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Monday, June 25, 2012

Ex-mayor Russo price tag never ends: More damage at Sinatra Park



Live at City Council:

 MSV believed most of the special meeting would be closed session but this was before learning of the added damage to Sinatra Park just earlier. The price tag already $7.8 million will see millions added in the end but we can't provide the exact figure yet as it will need to be tallied before becoming public.

 Mayor Zimmer has advised the council a legal investigation for the on-going damages to Sinatra Park will likely be fruitless and costly. A memo to the council advising any efforts seeking out members of the Mayor Anthony Russo administration will probably not yield any gain to Hoboken taxpayers.

 Once again the cost for the culture of corruption to Hoboken is boosted and the final tally from one Mayor Anthony Russo is not even in going back to the 1990s.

Deep Dish from the Deep Throat, uhm Uvula

Here's a snippet from Grafix Avenger's Deep Throated Uvula:

There are plenty of pissed off folks behind the scenes. That is why you saw the ones that are out in front so desperate – this could get ugly. 

Gotta love the excuses about her being a poor old disabled lady. And Russo said that crap with a straight face. Pretty impressive. 

You thought 300k for new floors in the elevators was wild, that is peanuts compared to what people are planning to take out of the tear down of the HHA. That is what last Wednesday was all about. 

Sure the votes had something to do with it as well, but the idea is to keep just enough HHA units spread out in the new buildings to keep the lock on the fourth ward. But it may not be for Occhipinti ... 



Grafix Avenger's source behind the Russo clan lines, Deep Uvula came in from the cold 
to talk about the millions at stake for many unhappy folks with the new HHA appointment.  
The Feds still worry him but the Old Guard is bracing for that hit too.
Hopes to protect the HHA redevelopment from the Feds may be over as well.


Talking Ed Note: Darn, that's some juicy dish there Uvula.  Apparently, the warbling dangling bit of flesh has no stake in the millions sure to be going around with a massive reconstruction expanding the HHA and the surrounding areas with it.

MSV saw clearly the expanded HHA voter fraud angle but now understands we entirely missed the money pit here.  For that Da Horsey wishes to apologize to our readers for not getting all the story.  Okay two mea culpas and we're ready to go back to more back room dealing, scamming and going safari in the HHA.  There's lots of Old Guard loot at stake here.

Maybe there will not be another Russo shore house built after all.  That's a shame.

There's millions to be made in razing the HHA buildings alone.  See more at Grafix Avenger:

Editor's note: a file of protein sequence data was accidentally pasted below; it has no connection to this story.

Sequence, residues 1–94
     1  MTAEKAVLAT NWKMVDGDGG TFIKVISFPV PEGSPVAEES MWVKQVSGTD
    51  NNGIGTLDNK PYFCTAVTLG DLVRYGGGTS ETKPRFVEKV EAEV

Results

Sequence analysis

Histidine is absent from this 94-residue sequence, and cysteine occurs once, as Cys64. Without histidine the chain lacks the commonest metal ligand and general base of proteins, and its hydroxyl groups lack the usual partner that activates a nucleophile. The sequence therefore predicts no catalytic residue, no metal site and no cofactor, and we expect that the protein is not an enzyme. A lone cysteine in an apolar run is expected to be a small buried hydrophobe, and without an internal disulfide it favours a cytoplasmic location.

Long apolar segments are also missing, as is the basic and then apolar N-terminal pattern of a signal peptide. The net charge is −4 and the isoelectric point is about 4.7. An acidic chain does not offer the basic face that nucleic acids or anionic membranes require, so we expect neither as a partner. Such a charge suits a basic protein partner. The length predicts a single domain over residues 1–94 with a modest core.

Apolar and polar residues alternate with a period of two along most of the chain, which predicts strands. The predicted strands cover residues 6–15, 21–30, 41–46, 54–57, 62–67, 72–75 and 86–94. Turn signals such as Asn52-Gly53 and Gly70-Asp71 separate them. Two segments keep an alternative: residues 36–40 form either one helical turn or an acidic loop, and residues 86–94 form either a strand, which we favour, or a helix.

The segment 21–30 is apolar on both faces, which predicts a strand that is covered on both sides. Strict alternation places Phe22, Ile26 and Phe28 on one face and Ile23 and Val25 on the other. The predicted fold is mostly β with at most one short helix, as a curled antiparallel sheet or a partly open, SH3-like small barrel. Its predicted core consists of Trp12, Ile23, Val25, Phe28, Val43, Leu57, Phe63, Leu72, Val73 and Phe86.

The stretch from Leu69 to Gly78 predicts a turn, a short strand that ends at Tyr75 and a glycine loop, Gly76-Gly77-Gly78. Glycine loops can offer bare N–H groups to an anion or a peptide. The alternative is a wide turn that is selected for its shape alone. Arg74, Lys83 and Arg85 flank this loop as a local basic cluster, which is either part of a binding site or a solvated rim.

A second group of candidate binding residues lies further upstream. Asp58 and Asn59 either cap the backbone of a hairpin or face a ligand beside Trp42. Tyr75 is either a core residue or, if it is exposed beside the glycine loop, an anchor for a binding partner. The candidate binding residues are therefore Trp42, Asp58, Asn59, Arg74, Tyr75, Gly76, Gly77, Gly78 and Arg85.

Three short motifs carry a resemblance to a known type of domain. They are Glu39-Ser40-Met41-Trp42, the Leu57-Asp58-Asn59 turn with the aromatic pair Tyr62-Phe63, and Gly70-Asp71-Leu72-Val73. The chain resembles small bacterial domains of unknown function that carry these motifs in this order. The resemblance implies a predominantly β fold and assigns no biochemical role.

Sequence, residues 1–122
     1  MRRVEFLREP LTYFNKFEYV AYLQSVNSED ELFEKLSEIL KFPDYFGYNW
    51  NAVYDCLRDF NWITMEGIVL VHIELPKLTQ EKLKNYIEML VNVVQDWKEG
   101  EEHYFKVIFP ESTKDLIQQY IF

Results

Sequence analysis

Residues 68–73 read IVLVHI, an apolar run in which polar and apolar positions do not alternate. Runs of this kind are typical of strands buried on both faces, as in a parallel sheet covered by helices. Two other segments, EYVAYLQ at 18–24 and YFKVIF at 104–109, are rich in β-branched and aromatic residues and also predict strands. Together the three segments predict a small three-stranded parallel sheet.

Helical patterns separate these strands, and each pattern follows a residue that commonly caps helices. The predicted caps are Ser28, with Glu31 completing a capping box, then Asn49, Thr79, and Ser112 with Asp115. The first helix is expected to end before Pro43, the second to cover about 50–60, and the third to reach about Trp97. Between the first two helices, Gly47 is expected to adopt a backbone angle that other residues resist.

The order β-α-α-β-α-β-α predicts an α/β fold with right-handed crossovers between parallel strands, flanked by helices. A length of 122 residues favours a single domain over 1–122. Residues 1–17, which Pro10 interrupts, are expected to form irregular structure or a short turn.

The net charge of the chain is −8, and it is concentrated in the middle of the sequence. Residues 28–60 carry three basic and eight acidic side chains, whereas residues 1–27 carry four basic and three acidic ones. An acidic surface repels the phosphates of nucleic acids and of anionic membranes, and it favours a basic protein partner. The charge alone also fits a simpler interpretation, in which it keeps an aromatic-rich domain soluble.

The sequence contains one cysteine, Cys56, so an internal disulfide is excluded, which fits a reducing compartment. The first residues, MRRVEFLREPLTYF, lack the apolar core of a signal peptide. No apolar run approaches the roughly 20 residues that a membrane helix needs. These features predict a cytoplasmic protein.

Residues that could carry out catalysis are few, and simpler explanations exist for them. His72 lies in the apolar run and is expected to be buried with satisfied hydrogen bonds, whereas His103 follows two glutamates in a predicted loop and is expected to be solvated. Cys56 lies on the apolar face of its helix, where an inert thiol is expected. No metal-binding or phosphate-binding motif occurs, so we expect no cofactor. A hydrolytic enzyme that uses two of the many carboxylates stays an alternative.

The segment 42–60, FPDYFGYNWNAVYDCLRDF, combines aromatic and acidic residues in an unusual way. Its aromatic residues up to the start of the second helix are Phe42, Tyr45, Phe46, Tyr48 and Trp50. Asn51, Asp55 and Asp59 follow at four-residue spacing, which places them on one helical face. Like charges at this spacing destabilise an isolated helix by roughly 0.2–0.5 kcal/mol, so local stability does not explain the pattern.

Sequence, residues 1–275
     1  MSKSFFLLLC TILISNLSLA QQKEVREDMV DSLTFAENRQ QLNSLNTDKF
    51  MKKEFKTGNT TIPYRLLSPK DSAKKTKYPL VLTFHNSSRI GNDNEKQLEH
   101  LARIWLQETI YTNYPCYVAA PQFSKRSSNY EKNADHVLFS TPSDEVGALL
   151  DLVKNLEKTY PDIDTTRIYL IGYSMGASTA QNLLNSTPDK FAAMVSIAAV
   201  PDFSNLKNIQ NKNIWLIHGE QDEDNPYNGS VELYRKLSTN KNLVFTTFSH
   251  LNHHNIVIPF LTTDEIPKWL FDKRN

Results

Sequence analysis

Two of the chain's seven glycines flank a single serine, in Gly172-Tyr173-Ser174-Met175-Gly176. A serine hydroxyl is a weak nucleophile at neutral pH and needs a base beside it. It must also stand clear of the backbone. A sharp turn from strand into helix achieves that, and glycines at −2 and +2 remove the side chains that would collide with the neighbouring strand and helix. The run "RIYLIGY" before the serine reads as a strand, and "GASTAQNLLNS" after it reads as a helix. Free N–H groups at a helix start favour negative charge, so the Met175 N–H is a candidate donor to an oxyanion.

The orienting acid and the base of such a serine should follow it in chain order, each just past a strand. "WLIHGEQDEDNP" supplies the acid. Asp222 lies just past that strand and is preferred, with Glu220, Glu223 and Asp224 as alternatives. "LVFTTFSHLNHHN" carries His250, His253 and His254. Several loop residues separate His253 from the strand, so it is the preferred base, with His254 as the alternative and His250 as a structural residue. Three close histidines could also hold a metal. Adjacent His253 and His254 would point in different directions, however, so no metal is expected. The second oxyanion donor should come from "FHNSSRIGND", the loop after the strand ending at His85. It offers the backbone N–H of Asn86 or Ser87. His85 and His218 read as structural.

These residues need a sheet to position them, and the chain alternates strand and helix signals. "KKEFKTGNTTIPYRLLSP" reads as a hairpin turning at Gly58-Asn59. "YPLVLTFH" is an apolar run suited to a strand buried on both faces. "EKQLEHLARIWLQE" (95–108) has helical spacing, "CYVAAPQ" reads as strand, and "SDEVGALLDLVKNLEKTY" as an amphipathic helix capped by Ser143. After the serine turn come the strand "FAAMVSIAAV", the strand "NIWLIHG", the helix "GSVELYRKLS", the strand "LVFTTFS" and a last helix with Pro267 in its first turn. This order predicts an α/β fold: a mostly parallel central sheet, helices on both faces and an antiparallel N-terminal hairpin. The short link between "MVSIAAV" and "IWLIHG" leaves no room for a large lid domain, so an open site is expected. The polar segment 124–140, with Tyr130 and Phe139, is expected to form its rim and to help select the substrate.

http://grafixavenger.blogspot.com/2012/06/deep-uvula-below-radar.html 

Under the radar HHA plan: Massive Construction for huge, expanded HHA projects with Old Guard bigger $40 "voter base" with $$$ galore!

According to a story on Grafix Avenger, the act of desperation on behalf of former HHA commissioner Marianne Camporeale had nothing to do with her "disability" and everything to do with holding on to an area for the Old Guard's skimming via a massive construction project and Tim Occhipinti's "base."

Camporeale not a shy violet after her screaming outbursts at the last City Council meeting was a sure rubber stamp for a "redevelopment" plan flying under the radar to the public and the HHA.  She's believed to have thought of her HHA role as a way to support "her boy" Carmelo Garcia.

Over the weekend, the Hudson Reporter did ask the question, why is there so much scuttlebutt over one HHA seat?  MSV noted its importance as a swing seat on the seven member HHA.

Now we learn why the Old Guard was going to the mattresses.  According to Deep Uvula, an Old Guard source connected to the Russo clan, they saw a bigger HHA project with huge buildings as a gold mine Reform couldn't lay a finger on.

The HHA is regulated by state and federal agencies.  City Hall wouldn't be able to stop the Old Guard from building a bigger army of $40 voters and profit handsomely from the massive structures coming in.

The four reform oriented members of the HHA just got a big job to do and they better hop to it.  This "redevelopment" is being quietly, if not secretly being moved along by its Executive Director Carmelo Garcia.

It's all being done under the cover of darkness.  Just as the Old Guard likes it.

Back in May 2011, the Hoboken Journal uncovered proposed plans for the bigger, grander projects expanding in the 4th ward:

Here is the latest gem from Carmelo Garcia who is the head of the HHA. He is rewarding his loyal voting base (loyal for the $40 a vote) by razing the projects. Of course there are assurances that no one will be displaced. Yeah right! Oh yeah, increased density too! Winner winner chicken dinner! Where is David Liebler to pump up this project? Fi fi fo fum, I smell a political operative to make me a deal/meal.To my knowledge this plan wasn't presented to the residents of the Housing Authority first. Talk about a lack of transparency by Beth Mason supported candidate Carmelo Garcia. ...